[libvirt] [PATCH 2/2] qemu_cgroup: allow access to /dev/dri/render*

Cole Robinson crobinso at redhat.com
Thu May 19 13:23:43 UTC 2016

On 05/19/2016 08:52 AM, Daniel P. Berrange wrote:
> On Thu, May 19, 2016 at 08:36:35AM -0400, Cole Robinson wrote:
>> On 05/19/2016 08:21 AM, Daniel P. Berrange wrote:
>>> On Thu, May 19, 2016 at 01:29:07PM +0200, Ján Tomko wrote:
>>>> Allow access to /dev/dri/render* devices for domains
>>>> using <graphics type="spice"> with <gl enable="yes"/>
>>>> https://bugzilla.redhat.com/show_bug.cgi?id=1337290
>>> Ignoring cgroups for a minute, how exactly does QEMU get access to
>>> the /dev/dri/render* devices in general ?  ie when QEMU is running
>>> as the 'qemu:qemu' user/group account, with selinux enforcing I
>>> don't see how it can possibly open these files, as we're not granting
>>> access to them in any of the security drivers. Given this, allowing
>>> them in cgroups seems like the least of our problems.
>> The svirt bits can at least be temporarily worked around with chmod 666
>> /dev/dri/render* and setenforce 0. The cgroup bit requires duplicating the
>> entire cgroup_device_acl block in qemu.conf which is less friendly and not
>> very future proof. Seems like an easy win
> There's a potential issue though with going down a path now which is not
> viable long term, which we then get stuck supporting for upgradability.
> eg if we start granting permission to use these devices to multiple QEMUs
> concurrently will we regret doing that later and have to break people's
> deployments to fix it properly.

Hmm, I see. CCing gl guys

How this works on my f24 host:

$ ls -lZ /dev/dri/
total 0
crw-rw----+ 1 root video system_u:object_r:dri_device_t:s0 226,   0 May 18
19:17 card0
crw-------. 1 root video system_u:object_r:dri_device_t:s0 226,  64 May 18
19:17 controlD64
crw-rw----+ 1 root video system_u:object_r:dri_device_t:s0 226, 128 May 18
19:17 renderD128

qemu itself loops over /dev/dri, grabs the first matching renderD* that it can
open, then does its magic. Some questions I have in general:

- is there only ever one render node? or one per video card?
- is it okay to use the same node for multiple VMs simultaneously?

Maybe the long term fix is to have libvirt pass in a pre-opened fd for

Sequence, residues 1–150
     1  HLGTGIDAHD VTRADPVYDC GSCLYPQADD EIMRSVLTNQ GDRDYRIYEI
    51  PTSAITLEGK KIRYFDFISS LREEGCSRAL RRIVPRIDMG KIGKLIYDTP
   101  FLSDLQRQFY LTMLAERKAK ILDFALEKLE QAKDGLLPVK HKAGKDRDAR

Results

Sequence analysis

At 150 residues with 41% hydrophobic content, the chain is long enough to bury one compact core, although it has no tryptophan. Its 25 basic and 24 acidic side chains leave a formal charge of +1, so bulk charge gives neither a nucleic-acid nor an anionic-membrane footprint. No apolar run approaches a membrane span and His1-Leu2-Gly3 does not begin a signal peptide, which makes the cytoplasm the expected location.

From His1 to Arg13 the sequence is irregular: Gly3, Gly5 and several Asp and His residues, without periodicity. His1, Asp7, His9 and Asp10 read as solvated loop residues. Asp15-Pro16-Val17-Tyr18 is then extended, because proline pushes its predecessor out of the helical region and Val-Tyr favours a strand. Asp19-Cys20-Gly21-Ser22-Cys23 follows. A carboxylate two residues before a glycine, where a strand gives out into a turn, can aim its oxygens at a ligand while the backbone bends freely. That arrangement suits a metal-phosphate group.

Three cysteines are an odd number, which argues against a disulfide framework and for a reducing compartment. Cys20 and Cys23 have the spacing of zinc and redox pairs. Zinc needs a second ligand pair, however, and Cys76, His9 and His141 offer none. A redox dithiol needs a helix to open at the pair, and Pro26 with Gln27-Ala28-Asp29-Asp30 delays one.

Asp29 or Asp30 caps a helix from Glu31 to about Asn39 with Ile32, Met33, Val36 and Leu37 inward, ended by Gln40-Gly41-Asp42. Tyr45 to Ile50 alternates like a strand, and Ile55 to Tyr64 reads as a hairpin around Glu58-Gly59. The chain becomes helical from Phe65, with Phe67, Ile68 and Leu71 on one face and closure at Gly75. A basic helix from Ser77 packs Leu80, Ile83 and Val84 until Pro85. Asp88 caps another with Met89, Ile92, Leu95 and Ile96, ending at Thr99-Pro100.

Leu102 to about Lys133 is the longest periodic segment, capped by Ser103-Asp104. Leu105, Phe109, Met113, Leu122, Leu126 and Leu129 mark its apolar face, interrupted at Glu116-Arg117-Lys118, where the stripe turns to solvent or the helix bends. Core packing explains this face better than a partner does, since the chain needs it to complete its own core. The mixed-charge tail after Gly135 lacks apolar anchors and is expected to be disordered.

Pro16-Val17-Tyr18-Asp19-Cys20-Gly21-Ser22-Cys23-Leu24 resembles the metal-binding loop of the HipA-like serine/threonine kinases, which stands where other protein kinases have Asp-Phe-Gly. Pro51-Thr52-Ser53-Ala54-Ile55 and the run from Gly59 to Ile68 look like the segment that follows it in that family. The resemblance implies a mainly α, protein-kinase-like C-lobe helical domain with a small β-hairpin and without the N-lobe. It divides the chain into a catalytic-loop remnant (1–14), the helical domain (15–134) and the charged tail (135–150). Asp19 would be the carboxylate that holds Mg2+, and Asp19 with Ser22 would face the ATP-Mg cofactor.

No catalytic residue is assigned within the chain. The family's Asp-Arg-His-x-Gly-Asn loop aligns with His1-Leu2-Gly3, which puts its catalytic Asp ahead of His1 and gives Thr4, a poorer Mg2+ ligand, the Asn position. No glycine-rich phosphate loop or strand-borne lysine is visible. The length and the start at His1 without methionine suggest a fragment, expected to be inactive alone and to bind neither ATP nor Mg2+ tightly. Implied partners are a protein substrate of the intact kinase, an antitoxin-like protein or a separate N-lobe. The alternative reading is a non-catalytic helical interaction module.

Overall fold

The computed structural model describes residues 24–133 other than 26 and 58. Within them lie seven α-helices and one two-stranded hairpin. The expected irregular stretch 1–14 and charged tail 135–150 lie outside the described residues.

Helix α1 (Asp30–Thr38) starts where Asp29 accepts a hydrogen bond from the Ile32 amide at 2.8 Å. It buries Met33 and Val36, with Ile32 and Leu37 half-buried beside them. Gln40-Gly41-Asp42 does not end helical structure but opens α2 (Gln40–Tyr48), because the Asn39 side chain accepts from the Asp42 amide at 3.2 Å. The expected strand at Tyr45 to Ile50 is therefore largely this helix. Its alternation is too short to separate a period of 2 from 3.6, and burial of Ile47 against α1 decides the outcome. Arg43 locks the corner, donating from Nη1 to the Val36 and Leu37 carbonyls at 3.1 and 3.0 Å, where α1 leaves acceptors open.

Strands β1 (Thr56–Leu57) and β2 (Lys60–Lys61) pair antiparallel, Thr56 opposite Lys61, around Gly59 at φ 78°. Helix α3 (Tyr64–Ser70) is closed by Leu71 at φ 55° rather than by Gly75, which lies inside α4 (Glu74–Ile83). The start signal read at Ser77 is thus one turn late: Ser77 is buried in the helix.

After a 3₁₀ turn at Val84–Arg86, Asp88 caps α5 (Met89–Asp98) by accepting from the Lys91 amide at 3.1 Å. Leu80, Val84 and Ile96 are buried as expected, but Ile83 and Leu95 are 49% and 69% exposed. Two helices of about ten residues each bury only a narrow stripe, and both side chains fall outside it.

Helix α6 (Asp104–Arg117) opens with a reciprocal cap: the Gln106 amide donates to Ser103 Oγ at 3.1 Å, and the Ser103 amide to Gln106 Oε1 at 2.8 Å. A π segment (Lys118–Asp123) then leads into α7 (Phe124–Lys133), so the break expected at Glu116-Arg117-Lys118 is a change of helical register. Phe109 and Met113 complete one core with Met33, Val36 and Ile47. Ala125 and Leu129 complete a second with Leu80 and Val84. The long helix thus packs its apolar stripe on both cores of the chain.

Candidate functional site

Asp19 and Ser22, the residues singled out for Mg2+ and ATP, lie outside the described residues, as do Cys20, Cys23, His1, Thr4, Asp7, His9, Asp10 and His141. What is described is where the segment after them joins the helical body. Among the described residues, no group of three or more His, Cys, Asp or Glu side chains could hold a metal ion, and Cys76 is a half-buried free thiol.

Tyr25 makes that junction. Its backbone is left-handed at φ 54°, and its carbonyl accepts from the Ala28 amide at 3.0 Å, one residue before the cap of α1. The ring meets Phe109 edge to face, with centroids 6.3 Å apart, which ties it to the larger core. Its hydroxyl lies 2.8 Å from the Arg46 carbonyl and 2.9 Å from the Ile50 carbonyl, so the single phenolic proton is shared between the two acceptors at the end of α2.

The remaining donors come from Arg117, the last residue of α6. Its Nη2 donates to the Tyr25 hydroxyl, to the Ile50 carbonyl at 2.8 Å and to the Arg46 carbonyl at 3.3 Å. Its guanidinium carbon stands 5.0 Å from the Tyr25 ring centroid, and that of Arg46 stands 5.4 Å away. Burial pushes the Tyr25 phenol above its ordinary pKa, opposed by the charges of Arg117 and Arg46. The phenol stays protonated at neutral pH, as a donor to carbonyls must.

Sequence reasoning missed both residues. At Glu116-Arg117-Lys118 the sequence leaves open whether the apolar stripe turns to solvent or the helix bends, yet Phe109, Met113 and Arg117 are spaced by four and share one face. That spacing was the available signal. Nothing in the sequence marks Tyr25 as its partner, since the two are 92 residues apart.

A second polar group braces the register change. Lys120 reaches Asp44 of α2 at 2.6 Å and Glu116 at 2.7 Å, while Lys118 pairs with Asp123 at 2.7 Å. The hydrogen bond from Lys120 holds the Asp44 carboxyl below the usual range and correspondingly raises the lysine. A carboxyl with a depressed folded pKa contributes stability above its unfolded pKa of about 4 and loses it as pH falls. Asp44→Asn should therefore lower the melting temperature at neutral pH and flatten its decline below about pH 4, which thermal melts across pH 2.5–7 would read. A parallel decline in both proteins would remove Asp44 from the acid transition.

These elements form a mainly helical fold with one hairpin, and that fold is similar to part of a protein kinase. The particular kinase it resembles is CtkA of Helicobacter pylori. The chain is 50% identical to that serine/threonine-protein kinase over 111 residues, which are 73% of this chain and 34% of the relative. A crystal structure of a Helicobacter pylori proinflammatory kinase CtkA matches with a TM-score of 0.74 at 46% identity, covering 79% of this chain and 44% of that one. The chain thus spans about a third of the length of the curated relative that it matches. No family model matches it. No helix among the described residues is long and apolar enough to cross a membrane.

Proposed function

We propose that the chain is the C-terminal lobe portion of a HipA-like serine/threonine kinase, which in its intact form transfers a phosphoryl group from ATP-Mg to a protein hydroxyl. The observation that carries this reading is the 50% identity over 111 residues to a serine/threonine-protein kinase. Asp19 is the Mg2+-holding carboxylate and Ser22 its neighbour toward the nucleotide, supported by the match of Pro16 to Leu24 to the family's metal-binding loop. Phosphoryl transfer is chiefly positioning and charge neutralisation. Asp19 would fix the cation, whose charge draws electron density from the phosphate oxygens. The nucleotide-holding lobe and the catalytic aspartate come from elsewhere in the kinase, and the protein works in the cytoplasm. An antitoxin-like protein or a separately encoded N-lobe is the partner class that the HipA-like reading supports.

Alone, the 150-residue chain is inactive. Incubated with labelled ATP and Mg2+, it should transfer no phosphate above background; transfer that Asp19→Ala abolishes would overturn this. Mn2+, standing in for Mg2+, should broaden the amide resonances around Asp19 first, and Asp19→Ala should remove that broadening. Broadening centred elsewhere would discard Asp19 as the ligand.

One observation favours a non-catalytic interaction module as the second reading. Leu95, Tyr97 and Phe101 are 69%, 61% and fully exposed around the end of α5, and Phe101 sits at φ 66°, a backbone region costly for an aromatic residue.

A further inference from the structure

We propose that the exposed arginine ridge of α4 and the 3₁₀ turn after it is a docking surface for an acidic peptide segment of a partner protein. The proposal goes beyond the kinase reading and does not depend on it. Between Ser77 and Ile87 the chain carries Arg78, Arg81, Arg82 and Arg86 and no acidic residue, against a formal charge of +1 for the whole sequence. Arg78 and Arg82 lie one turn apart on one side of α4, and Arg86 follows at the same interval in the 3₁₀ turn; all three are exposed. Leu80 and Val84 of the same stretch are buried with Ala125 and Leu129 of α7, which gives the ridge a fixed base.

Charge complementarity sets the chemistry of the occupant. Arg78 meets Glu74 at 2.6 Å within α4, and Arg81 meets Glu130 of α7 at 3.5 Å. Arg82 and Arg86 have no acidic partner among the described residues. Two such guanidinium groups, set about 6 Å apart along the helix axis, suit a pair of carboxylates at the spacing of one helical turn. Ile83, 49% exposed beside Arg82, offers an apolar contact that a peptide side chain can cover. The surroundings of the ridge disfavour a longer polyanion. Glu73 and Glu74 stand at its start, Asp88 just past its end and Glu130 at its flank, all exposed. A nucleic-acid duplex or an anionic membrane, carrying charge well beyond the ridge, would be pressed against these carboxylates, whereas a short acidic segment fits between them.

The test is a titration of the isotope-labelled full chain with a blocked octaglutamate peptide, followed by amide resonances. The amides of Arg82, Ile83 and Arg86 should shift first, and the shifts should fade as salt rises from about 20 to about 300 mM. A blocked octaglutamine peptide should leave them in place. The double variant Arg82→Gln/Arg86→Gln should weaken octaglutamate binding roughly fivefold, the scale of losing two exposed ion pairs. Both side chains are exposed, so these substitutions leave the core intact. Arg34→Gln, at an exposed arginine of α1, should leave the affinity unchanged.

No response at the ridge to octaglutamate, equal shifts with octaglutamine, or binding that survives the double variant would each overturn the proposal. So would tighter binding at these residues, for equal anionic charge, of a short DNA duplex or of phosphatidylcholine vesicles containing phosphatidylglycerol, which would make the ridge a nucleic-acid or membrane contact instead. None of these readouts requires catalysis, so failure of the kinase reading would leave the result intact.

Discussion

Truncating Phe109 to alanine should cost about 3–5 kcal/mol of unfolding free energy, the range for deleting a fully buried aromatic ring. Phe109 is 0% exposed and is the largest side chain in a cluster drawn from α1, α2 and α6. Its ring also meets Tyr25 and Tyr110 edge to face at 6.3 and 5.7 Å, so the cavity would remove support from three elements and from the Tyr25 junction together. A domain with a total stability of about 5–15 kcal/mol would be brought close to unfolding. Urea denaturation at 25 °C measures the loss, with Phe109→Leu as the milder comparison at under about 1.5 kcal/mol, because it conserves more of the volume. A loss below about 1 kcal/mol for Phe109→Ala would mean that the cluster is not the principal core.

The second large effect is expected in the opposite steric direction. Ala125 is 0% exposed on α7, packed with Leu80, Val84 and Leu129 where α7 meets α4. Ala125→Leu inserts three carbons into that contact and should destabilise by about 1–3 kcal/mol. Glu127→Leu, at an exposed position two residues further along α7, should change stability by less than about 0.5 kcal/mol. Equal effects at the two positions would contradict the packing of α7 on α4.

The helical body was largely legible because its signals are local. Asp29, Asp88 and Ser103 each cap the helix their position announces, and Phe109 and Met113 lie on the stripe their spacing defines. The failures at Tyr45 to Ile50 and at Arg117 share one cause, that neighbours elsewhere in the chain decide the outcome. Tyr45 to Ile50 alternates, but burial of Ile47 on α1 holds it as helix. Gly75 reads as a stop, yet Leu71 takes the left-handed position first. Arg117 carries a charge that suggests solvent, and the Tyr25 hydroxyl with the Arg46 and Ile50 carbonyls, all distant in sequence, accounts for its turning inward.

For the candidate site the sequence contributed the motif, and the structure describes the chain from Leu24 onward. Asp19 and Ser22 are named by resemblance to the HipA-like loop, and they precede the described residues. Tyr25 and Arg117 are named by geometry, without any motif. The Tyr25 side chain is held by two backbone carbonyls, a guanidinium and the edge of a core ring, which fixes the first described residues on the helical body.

qemu:///system, since I don't know if it would be acceptable to chown
qemu:qemu on the render node, but maybe we use setfacl instead.

> Without sVirt integration though I'd suggest we don't really advertize
> this to users, as telling them to chmod / setenforce is not really a
> supportable strategy for usage in any case.

I certainly agree with that at least WRT UI tools... after playing with this
stuff a bit I won't be adding UI clicky 'enable gl' in virt-manager in the
short term, there's just too many operational caveats. But advertisement in
the form of blog posts with all the caveats listed will probably save us bug
reports, and maybe a command line virt-xml one liner to turn it on for an
existing VM. And of course have virt-manager work with it correctly on the
viewer side, patches in git and fedora build coming soon

>> But yes, there needs to be a larger discussion about how to correctly handle
>> this WRT svirt for both qemu:///system and qemu:///session. selinux bug here:
>> https://bugzilla.redhat.com/show_bug.cgi?id=1337333
> Looks like we'd need to consider those separately - as in the session
> case, even libvirtd won't have the option to fix permissioning. It is
> something that would have to be done at the OS level to grant access.
> Once granting access to just an unprivileged QEMU you might as well
> just grant access to all a user's processes, since there's no separation
> stopping other processes in the user session getting access to the devices
> via QEMU. IOW, if you want qemu:///session mode to have access you end up
> with a chmod 666 world, where everyone has access. I don't know enough about
> it to know if that's reasonable or not.

Actually qemu:///session DAC permissions are fine, because the logged in user
has ACL access to the render node already, like /dev/snd/* for example. It's
just the svirt selinux policy that is rejecting access

The DAC permissions are an issue with qemu:qemu on qemu:///system though

- Cole

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